Spray a rag with some 3-in-1 oil (or a professional barbell cleaner) - a standard household lubricant mixture. Wrap the cloth around the middle of the barbell and pull it down and back over the entire entire barbell shaft. There is no need to wipe down the sleeve. Allow to sit overnight, then repeat the above steps the next morning.

Clean the Sleeves

This repetitive step only applies to barbells with bearings, not Olympic bars with bushings. It is a more complicated technique that should not be done often and if done too often is also a damage to the barbell.

However, removing the bushing from the barbell and lubricating its interior is a critical step so that it spins quickly and smoothly and performs at its maximum effectiveness. Chalk and dirt can get into the barrel and block the rotation, and there are Youtube videos on how to clean the barrel.

How Not to Take Care of Your Barbell

Don't Leave Plates Loaded on Your Barbell

All plates need to be removed from the barbell after you have completed your weightlifting workout. This is because over time, the steady pressure of the plates can cause slight bending of the barbell, compromising the integrity of your barbell and thus the quality of your workout. This is especially noticeable over time with heavy barbells hanging from the rack.

If you go to the gym regularly, you'll find that people are used to leaving the barbell for the next person to use when they're done. No one wants to warm up by removing very heavy plates from each side.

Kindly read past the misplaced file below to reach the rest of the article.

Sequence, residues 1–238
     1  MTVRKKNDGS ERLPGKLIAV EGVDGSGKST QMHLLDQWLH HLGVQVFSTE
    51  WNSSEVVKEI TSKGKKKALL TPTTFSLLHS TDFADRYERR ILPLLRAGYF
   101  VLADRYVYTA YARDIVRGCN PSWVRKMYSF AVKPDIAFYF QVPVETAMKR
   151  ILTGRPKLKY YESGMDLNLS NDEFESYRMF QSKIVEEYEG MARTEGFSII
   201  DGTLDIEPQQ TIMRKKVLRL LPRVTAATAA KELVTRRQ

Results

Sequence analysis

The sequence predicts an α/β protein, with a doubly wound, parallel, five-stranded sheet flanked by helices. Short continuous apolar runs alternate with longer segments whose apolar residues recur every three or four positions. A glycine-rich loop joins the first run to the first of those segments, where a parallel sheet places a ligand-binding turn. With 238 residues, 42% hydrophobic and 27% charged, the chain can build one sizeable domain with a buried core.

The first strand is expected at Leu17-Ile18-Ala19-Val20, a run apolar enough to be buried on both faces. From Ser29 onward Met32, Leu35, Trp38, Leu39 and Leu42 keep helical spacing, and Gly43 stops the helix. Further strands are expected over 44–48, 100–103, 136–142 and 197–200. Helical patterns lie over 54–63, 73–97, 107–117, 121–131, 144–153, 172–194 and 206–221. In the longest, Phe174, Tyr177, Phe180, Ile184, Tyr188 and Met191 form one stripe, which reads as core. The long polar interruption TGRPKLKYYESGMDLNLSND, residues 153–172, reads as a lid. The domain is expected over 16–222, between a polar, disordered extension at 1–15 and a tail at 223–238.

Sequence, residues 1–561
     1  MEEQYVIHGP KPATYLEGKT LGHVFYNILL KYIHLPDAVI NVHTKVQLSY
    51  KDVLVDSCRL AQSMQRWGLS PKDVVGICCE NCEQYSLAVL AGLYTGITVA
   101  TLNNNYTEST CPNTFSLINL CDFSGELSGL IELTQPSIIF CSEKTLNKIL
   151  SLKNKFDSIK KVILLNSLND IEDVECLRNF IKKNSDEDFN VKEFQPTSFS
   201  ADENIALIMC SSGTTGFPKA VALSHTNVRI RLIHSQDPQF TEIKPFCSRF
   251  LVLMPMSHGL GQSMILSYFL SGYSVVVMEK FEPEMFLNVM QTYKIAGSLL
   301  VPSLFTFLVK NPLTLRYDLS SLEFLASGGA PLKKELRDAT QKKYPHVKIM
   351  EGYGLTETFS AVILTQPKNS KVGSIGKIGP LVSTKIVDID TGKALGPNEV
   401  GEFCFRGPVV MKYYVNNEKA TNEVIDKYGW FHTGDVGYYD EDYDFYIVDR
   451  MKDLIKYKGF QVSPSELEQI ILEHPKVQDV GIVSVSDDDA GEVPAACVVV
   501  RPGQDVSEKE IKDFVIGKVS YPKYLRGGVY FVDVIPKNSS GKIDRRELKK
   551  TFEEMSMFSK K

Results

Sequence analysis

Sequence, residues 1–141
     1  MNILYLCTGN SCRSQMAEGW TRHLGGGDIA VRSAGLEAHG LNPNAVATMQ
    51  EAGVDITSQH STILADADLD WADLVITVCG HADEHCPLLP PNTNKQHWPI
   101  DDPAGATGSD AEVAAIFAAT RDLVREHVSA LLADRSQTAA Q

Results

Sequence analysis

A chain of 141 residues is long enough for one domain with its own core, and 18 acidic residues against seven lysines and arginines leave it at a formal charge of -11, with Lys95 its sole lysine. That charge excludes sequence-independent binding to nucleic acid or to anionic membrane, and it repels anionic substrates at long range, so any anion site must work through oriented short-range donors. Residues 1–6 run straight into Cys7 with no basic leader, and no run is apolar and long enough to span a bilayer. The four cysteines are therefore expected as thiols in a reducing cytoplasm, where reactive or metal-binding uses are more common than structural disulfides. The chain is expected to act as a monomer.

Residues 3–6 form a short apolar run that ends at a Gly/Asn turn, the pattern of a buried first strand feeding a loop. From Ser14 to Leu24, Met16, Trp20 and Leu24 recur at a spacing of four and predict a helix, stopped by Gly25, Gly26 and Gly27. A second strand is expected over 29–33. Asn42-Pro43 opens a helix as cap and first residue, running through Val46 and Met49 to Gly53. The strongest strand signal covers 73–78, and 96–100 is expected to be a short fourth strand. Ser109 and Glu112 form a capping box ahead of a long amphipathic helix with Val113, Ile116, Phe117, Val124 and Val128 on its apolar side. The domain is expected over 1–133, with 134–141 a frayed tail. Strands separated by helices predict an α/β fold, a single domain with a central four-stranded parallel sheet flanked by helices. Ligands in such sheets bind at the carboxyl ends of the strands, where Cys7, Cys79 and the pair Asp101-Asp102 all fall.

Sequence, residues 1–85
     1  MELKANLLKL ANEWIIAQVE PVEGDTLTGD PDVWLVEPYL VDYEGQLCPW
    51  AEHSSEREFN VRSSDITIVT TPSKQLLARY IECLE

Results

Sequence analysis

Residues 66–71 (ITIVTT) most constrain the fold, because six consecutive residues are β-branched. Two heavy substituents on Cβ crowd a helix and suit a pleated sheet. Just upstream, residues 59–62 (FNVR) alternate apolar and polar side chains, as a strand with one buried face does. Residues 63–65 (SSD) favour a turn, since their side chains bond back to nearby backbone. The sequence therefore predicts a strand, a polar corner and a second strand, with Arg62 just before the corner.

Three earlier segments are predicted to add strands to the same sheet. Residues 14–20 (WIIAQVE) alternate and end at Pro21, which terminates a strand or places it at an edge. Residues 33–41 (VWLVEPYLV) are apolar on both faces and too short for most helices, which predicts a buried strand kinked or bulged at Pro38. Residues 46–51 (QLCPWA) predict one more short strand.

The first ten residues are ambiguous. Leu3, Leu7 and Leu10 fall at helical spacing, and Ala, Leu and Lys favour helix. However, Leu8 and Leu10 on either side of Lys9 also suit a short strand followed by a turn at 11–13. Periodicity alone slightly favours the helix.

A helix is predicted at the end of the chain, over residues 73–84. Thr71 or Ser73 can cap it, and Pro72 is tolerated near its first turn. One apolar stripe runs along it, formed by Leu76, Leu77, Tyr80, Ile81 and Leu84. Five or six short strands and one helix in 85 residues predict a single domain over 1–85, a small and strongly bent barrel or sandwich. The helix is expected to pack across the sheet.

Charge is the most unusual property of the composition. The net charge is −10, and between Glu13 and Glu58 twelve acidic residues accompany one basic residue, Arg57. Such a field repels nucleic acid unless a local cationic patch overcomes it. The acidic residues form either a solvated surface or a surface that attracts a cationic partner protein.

The Perfect Guide to Choosing a Barbell in 2022-Don't Leave Plates Loaded on Your Barbell

Rack Pulls on Spotter Arms are not permitted

In large gyms, it is common to see people doing rack pulls on a power rack with the barbell resting on a fixed safety arm set at knee height. On the other hand, dropping a barbell loaded with hundreds of pounds on a strong fixed safety arm can lead to blunted knurling and overall bending of the barbell.

Rack pulls are a great exercise, but don't distort the finishing of the barbell; instead, this exercise needs to be performed on a wooden block or bumper plate. Your barbell (and bank account) will appreciate it.



Buying a new barbell can be a daunting and difficult task to choose. For a garage gym or home gym, this is an important investment and you want your money to last longer and you want to be able to have a better experience at your gym. This tutorial should provide some of our insight into the many factors to consider when shopping for a new barbell.